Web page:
Saturday, May 14, 2011

How To Disable WebGL

On May 11th, Swa Frantzen posted "Time to disable WebGL?" on the Internet Storm Center's Diary page (  Dan Goodin also covered this story on the 11th: "New graphics engine imperils users of Firefox and Chrome" ( 

Both articles point out that US-CERT has recommended that WebGL be turned off in browsers which support it (

The SANS piece mentions that in order to disable WebGL in Google Chrome "It needs the --disable-webgl argument on the command line".  After some testing, I have concluded that this only works once (i.e. in the browser session opened from the command line).  In addition, if you open the command window in the Run As Administrator mode, the command line argument does not work at all.

In order to disable WebGL on end user computers, it is necessary to change the target of every Google Chrome shortcut on a machine. 

To make this change in Windows 7:
1) right click the Google Chrome shortcut,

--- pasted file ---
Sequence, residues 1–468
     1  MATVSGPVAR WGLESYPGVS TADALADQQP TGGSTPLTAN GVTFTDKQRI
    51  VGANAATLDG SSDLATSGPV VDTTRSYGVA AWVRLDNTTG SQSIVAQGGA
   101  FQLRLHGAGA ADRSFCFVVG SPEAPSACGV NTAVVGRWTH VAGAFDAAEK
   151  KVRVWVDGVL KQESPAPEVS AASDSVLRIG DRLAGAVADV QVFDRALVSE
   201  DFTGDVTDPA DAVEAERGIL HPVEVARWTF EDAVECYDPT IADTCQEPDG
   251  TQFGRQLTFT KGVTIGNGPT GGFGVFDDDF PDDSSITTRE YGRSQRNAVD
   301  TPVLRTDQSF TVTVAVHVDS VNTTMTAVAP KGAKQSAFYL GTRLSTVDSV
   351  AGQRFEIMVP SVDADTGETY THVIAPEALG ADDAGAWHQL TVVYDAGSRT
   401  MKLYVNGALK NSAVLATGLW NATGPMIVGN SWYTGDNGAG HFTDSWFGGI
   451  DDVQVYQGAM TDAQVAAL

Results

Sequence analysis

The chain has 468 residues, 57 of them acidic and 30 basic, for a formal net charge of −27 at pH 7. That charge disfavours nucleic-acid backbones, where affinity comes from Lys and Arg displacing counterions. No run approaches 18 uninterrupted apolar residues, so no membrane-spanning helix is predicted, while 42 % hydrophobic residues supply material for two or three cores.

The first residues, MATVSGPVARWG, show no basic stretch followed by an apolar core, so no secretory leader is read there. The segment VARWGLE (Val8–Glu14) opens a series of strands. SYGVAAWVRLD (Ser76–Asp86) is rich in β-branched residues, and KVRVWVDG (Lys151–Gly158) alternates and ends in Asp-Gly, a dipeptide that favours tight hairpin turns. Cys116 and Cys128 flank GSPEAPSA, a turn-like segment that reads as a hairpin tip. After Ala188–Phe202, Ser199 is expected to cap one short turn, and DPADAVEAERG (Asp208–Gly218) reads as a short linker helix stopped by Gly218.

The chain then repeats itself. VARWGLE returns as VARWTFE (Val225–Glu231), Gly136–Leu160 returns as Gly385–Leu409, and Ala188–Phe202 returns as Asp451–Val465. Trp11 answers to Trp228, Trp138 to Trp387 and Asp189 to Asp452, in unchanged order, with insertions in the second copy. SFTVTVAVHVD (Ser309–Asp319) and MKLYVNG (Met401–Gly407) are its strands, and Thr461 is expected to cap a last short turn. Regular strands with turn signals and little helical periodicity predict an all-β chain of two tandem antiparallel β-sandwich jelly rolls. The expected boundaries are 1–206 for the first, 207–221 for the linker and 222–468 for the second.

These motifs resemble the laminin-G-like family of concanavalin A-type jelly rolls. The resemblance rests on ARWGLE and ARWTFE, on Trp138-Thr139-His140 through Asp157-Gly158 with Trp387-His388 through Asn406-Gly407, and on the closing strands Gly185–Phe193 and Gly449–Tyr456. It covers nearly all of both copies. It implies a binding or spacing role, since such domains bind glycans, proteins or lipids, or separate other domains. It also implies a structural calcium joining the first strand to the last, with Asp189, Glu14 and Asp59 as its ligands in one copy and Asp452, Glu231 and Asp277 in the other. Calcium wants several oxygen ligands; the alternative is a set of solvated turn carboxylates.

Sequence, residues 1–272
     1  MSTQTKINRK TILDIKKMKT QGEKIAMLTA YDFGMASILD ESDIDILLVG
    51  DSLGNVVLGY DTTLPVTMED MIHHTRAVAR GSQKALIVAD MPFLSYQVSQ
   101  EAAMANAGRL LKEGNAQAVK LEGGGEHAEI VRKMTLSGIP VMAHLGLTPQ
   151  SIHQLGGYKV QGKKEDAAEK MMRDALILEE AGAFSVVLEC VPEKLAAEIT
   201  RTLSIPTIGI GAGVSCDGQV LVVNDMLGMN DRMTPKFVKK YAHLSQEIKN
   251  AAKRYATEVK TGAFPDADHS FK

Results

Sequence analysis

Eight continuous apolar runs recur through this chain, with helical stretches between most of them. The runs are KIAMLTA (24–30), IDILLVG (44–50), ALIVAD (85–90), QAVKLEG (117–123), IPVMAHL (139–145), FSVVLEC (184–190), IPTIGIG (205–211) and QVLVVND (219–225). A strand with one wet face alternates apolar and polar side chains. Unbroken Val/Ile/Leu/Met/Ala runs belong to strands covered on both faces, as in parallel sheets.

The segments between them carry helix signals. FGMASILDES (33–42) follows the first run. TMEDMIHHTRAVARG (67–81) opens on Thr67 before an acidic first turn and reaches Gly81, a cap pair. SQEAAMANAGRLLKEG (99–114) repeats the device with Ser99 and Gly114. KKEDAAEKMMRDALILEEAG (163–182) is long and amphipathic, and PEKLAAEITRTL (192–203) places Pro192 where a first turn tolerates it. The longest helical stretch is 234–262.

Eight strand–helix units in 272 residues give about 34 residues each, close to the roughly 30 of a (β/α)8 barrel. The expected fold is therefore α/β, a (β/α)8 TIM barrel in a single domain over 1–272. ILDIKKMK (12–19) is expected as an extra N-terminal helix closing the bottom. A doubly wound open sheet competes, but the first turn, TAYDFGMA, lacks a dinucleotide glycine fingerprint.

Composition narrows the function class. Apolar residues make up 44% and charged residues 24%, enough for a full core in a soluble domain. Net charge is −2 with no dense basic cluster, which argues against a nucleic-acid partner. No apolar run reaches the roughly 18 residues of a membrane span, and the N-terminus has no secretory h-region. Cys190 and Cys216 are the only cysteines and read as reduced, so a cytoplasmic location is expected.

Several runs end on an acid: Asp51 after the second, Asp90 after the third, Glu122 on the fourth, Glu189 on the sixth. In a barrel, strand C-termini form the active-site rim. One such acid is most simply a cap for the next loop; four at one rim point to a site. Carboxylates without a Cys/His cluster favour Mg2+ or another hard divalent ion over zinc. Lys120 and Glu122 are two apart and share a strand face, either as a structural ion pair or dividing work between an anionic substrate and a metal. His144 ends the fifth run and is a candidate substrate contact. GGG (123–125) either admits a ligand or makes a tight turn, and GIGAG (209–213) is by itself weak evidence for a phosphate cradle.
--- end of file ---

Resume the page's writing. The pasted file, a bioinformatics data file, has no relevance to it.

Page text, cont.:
2) left click Properties,
3) click the Shortcut tab,and
4) change the Target to:
C:\Users\THEUSERNAME\AppData\Local\Google\Chrome\Application\chrome.exe --disable-webgl

This will not prevent users from creating a new WebGL enabled shortcut.

In Firefox 4.01, WebGL can be disabled by:
1) enter "about:config" in the address window,
2) scroll down to webgl.disabled and right click on it,
3) left click Toggle.

You can test your configurations by browsing to this site:  If the puppy appears in a rotating cube, WebGL is enabled.  If WebGL is disabled, you will see a photograph.

The WebGL extension designed to protect the GPU stack from exploitation, GL_ARB_robustness, has not been deployed by most GPU vendors.

Once WebGL is effectively sandboxed by Google and Mozilla, I will be happy to turn it back on.  Until then, the eye candy will have to wait.

Additional references:

James McQuaid